• A company has a unique product technology it can leverage in the new market
  • It can benefit from economies of scale
  • The new market is not too different from the existing one, or
  • Buyers in the market are intrinsically profitable

Market development options include the pursuit of additional market segments or geographical regions. The development of new markets for the product may be a good strategy if the organization’s core competencies are related more to the specific product than to its experience with a specific market segment. Because the firm is expanding into a new market, a market development strategy typically has more risk than a market penetration strategy.

Companies that pursue a market development go-to-market strategy for growth should have:

  • Core competencies which relate to its existing products and a strong marketing team
  • The ability to identify opportunities for market development including chances to reposition the brand, exploit new uses for the product, or expand into new geographical regions
  • Go-to-market resources are can be diverted or redeployed
  • The ability to market new products in new locations in order to expand regionally, nationally or globally
  • Advertising through different media in order to reach different customers
  • The ability to leverage new distribution channels to reach new market segments
  • The power to modify the pricing policy, products or product packaging in order to appeal to different customer demographics

B2B Product Market Growth Strategies – Product Development

Adopting a product development go-to-market growth strategy means a company tries to create new products and services targeted at its existing markets.  An organization with a market for its current products might choose a strategy of developing other products catering to the same market– a strategy to sell new products with new or altered features, for example, to existing markets.  It’s important to note that these new products do not necessarily have to be new to the market; they only have to be new to the company marketing them.  With that said, new product development can be a crucial go-to-market strategy for a company to remain competitive.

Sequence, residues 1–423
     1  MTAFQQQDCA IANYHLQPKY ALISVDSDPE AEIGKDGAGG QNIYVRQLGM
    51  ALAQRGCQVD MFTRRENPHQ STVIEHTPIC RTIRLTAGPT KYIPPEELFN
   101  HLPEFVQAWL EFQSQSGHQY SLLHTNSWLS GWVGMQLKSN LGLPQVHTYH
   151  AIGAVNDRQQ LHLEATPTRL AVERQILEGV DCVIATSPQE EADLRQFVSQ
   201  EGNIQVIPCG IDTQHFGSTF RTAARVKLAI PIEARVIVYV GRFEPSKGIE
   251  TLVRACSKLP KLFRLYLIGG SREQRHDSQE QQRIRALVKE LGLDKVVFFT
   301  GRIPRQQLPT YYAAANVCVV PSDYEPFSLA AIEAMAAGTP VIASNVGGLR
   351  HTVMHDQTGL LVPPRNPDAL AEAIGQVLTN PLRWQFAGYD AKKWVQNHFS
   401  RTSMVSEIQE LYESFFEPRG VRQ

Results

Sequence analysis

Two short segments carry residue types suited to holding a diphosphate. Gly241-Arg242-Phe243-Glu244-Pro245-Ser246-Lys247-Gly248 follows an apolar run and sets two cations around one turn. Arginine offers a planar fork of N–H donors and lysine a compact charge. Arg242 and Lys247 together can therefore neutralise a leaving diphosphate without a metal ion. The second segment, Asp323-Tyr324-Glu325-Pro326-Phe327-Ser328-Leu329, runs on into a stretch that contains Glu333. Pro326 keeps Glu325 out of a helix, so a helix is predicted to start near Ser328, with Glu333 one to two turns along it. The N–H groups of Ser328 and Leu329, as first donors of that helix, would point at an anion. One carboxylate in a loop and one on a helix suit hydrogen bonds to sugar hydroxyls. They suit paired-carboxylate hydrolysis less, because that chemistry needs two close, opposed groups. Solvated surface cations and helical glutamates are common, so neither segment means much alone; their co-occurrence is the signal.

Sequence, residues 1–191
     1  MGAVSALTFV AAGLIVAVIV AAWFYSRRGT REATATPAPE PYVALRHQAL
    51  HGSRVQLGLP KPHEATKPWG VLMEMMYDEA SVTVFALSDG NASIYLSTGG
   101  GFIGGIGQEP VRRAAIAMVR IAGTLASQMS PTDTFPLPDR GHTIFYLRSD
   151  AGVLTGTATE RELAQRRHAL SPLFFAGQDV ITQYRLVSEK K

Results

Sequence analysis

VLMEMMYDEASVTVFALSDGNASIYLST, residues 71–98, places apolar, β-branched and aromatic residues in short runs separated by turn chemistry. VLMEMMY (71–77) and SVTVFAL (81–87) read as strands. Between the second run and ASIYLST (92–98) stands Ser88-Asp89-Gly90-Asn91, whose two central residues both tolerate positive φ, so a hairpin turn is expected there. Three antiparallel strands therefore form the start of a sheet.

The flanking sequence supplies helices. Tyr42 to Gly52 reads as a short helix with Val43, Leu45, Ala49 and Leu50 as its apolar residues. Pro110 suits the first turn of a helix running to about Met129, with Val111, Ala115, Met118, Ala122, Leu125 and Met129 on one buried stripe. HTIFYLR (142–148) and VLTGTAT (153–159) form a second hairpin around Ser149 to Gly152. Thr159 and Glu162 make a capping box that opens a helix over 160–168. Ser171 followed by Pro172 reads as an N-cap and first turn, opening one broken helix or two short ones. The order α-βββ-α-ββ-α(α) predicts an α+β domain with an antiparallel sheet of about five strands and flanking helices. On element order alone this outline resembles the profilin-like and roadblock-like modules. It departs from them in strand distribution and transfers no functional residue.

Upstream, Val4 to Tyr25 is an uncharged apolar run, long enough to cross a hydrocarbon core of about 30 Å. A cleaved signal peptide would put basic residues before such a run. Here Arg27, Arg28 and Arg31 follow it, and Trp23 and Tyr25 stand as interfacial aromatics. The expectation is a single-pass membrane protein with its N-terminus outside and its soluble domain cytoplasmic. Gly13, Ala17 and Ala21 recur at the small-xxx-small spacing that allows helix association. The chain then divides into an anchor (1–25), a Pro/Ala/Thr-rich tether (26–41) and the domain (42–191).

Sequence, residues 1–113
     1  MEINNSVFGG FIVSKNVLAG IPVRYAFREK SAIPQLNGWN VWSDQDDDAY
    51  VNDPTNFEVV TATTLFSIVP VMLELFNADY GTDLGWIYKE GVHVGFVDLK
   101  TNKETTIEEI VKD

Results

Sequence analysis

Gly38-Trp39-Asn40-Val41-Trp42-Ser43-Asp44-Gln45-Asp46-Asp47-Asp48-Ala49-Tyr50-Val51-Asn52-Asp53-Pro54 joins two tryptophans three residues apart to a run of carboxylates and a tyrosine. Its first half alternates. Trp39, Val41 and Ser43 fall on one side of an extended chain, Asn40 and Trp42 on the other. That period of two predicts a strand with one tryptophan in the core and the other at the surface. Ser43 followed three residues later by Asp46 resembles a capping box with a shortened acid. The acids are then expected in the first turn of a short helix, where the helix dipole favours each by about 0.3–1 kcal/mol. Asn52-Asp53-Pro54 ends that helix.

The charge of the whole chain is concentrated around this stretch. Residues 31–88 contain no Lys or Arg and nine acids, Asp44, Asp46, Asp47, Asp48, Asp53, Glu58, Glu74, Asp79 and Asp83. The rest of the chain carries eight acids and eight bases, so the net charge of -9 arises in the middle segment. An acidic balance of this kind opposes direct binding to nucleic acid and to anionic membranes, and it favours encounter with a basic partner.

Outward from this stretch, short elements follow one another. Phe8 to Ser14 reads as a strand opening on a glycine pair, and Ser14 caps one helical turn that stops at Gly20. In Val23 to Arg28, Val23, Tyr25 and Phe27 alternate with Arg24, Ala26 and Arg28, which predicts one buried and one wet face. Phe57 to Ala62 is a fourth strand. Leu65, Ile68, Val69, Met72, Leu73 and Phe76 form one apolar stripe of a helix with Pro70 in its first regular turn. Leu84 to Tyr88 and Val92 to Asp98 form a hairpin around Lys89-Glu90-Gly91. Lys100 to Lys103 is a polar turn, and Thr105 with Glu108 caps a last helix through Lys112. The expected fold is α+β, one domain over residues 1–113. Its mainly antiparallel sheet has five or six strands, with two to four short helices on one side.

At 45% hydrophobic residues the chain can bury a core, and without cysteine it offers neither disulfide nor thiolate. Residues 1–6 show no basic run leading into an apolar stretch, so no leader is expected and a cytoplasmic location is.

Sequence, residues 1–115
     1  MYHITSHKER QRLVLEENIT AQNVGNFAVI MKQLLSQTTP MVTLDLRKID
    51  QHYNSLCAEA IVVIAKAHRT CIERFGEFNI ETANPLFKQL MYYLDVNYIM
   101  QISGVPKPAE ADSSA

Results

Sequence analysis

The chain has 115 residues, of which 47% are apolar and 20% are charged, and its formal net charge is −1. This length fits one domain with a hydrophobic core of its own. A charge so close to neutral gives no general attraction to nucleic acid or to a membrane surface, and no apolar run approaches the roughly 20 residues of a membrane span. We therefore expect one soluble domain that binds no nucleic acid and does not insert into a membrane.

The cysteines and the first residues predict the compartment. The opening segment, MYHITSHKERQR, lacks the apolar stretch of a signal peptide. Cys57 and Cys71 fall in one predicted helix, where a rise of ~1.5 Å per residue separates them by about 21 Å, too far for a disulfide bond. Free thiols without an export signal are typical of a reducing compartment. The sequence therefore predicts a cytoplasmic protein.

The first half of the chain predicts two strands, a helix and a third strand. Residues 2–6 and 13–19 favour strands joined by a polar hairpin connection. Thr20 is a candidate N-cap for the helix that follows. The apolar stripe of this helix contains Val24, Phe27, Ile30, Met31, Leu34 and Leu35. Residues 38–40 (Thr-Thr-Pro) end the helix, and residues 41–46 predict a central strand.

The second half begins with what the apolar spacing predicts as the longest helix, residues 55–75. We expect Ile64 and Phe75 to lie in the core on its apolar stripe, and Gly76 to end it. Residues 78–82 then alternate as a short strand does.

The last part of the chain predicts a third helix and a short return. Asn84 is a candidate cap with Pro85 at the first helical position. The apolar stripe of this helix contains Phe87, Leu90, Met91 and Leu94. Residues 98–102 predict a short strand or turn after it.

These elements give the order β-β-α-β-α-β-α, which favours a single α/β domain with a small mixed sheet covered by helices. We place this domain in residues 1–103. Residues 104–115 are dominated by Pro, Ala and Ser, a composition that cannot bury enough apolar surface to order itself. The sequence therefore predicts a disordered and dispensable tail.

A product development strategy may be appropriate if an organization’s strengths are related to its specific customers rather than to the specific product itself. In this scenario, an organization can leverage its strengths by developing a new product targeted to its existing customers. Similar to the case of new market development, new product development carries more risk than simply attempting to increase market share.  Product development involves thinking about how new products can meet customer needs more closely and outperform the products of competitors.

It may make sense to pursue a product development strategy when an organization:

  • Understands the needs of its customers and identifies an opportunity to sell new products to satisfy changing needs
  • Operates in a competitive market where continuous product innovation is necessary to prevent product obsolescence or commoditization;
  • Has large market share and a strong brand
  • Products benefit from network effects, and new products can gain a significant edge by being first to market
  • Operates in a market with strong growth potential
  • Identifies opportunities to commercialize new technology
  • Has a strong R&D team

B2B Product Market Growth Strategies –  Diversification

Diversification is a go-to-market strategy that requires developing new products for new markets. These can either be related to the current business (i.e., vertical integration or horizontal integration) or unrelated (lateral diversification). In addition, where a company previously had no presence, it seeks to increase profitability through greater sales volume obtained from new products and new markets.  Diversification can occur either at the business unit level or at the corporate level.  At the business unit level, expansion is most likely into a new segment of an industry in which the business is already in.  At the corporate level, it is generally entering a promising business outside of the scope of the existing business unit.